Michaeleen Doucleff Michaeleen Doucleff is a correspondent for NPR's Science Desk.
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Michaeleen Doucleff

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Michaeleen Doucleff 2016
Sanjit Das/NPR

Michaeleen Doucleff

Correspondent, Science Desk

Michaeleen Doucleff is a correspondent for NPR's Science Desk. She reports for the radio and the Web for NPR's global health and development blog, Goats and Soda. Doucleff focuses on disease outbreaks, drug development, and trends in global health.

In 2014, Doucleff was part of the team that earned a George Foster Peabody award for its coverage of the Ebola outbreak in West Africa. For the series, Doucleff reported on how the epidemic ravaged maternal health and how the virus spreads through the air. In 2015, Doucleff and Senior Producer Jane Greenhalgh reported on the extreme prejudices faced by young women in Nepal when they're menstruating. Their story was the second most popular one on the NPR website in 2015 and contributed to the NPR series on 15-year-old girls around the world, which won two Gracie Awards.

As a science journalist, Doucleff has reported on a broad range of topics, from vaccination fears and the microbiome to beer biophysics and dog psychology.

Before coming to NPR in 2012, Doucleff was an editor at the journal Cell, where she wrote about the science behind pop culture. Doucleff has a doctorate in chemistry from the University of Berkeley, California, and a master's degree in viticulture and enology from the University of California, Davis.

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A health officer in a protective suit collects a sample from a package of imported frozen food for a coronavirus rapid test at a wholesale market in China. Wu Zheng/VCG via Getty Images hide caption

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Wu Zheng/VCG via Getty Images

Can Frozen Food Spread The Coronavirus?

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Can COVID-19 Be Transmitted Through Frozen Food Shipments?

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World Health Organization Finishes Investigation Into Origins Of COVID-19

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An illustration of the variant found in the United Kingdom. To infect a cell, the virus's spike protein (red) has to bind to a receptor on the cell's surface (blue). Mutations help the virus bind more tightly. Science Source hide caption

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Science Source

Extraordinary Patient Offers Surprising Clues To Origins Of Coronavirus Variants

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Indigenous health care workers treat patients last week at a campaign hospital set up in the Parque das Tribos neighborhood of Manaus, Brazil. Oxygen shortages at hospitals in Brazil's Amazon prompted authorities to airlift patients to other states. Jonne Roriz/Bloomberg via Getty Images hide caption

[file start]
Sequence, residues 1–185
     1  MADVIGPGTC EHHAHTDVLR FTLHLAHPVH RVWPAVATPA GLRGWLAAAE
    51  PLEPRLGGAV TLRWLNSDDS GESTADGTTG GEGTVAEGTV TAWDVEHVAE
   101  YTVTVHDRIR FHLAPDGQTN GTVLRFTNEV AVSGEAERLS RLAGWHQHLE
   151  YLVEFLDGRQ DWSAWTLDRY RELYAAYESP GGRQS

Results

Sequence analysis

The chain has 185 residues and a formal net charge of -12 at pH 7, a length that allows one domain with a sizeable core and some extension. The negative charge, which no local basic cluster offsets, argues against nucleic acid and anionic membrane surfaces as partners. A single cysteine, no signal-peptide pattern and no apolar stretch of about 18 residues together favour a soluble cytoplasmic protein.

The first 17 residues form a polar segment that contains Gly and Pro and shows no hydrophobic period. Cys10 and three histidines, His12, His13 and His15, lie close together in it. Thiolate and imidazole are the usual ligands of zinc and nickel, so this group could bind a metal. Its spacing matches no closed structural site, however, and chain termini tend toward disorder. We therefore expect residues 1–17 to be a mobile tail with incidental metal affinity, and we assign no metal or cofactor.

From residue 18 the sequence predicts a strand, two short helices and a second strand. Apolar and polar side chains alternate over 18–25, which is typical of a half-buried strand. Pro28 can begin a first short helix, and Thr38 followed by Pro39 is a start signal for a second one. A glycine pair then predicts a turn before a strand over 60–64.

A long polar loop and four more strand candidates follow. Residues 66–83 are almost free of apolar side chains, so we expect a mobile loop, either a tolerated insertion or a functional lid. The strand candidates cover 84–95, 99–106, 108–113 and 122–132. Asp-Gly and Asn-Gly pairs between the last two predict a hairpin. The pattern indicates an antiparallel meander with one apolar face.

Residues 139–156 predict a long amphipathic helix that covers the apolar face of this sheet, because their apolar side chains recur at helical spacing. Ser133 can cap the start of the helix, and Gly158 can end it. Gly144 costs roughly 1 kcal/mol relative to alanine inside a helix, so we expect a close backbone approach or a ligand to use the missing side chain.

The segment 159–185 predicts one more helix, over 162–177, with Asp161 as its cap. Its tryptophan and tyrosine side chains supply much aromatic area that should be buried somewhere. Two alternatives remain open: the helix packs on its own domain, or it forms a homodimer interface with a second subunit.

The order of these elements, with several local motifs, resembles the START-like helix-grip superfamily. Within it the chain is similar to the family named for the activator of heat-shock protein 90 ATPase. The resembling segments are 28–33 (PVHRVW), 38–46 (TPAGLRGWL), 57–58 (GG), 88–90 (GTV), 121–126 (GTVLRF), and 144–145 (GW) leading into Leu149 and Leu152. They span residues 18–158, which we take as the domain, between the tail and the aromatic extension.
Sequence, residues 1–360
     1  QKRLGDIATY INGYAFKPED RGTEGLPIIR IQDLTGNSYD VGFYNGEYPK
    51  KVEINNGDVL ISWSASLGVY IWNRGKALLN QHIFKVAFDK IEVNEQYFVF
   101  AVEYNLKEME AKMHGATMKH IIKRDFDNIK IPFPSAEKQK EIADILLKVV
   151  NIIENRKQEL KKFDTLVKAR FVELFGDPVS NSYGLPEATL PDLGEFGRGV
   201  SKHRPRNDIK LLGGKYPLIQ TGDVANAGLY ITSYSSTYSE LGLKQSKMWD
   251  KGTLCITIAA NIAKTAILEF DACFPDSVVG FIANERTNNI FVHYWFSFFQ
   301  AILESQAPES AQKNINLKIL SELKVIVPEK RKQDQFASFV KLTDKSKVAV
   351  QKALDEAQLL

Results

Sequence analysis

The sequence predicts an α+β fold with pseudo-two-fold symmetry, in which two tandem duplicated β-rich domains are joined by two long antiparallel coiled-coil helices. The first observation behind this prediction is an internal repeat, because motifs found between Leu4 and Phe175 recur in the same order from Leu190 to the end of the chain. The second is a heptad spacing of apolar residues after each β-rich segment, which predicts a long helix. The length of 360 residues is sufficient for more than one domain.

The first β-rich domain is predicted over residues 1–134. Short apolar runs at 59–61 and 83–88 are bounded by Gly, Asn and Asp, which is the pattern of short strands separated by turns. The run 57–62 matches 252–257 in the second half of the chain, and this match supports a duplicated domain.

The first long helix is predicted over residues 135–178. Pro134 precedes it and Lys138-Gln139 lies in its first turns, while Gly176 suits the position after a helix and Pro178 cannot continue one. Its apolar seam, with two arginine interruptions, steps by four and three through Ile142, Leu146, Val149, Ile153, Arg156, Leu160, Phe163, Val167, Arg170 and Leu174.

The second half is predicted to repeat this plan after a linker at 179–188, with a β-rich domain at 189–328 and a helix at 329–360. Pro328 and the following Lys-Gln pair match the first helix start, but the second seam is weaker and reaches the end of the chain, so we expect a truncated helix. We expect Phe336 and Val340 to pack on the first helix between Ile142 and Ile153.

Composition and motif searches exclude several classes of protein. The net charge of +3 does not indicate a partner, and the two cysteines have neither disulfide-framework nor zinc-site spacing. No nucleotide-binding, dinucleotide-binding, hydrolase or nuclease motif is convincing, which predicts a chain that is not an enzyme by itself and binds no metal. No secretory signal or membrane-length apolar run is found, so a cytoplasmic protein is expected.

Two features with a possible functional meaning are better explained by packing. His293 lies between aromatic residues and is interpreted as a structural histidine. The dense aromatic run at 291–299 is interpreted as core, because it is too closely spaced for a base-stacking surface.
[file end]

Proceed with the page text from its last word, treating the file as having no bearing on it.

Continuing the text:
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Jonne Roriz/Bloomberg via Getty Images

Following the recent surge in cases including the new variant of Covid-19, the most recent lockdown in the United Kingdom advises all citizens to follow the message to stay at home, protect the hospital system and save lives. Mike Kemp/In Pictures via Getty Images hide caption

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Mike Kemp/In Pictures via Getty Images

What The Spread Of Coronavirus Variants Means For The U.S.

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Moderna Is Working On Booster Shot To Protect Against COVID-19 Variant

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Workers check oxygen tanks at a hospital in Manaus, Brazil. Severe oxygen shortages as a second coronavirus wave is surging have prompted local authorities to airlift patients to other parts of Brazil. Jonne Roriz/Bloomberg via Getty Images hide caption

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Jonne Roriz/Bloomberg via Getty Images

Reinfections More Likely With New Coronavirus Variants, Evidence Suggests

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Scientists Worry About Coronavirus Variant Spreading In Brazil

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A coronavirus variant that is thought to be more contagious was detected in the United States in Elbert County, Colo., not far from this testing site in Parker, Colo. The variant has been detected in several U.S. states. Michael Ciaglo/Getty Images hide caption

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What Happens If U.K. Variant Of The Coronavirus Spreads In The U.S.?

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Volunteers and health officials hold a dry run for the coronavirus vaccine at a hospital in Allahabad, India. There's concern that drug patents will keep lower income countries from getting the doses they need in a timely fashion. Sanjay Kanojia/AFP via Getty Images hide caption

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Sanjay Kanojia/AFP via Getty Images

What Will It Take To End The COVID-19 Pandemic?

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Why Viruses Mutate: Breaking Down The New Coronavirus Variant

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The image depicts the coronavirus binding to a human cell. The variant identified in the United Kingdom has a mutation known to increase how tightly the virus binds to human cells. Kateryna Kon/Science Photo Library via Getty Images hide caption

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Kateryna Kon/Science Photo Library via Getty Images

How Worried Should We Be About The New U.K. Coronavirus Variant?

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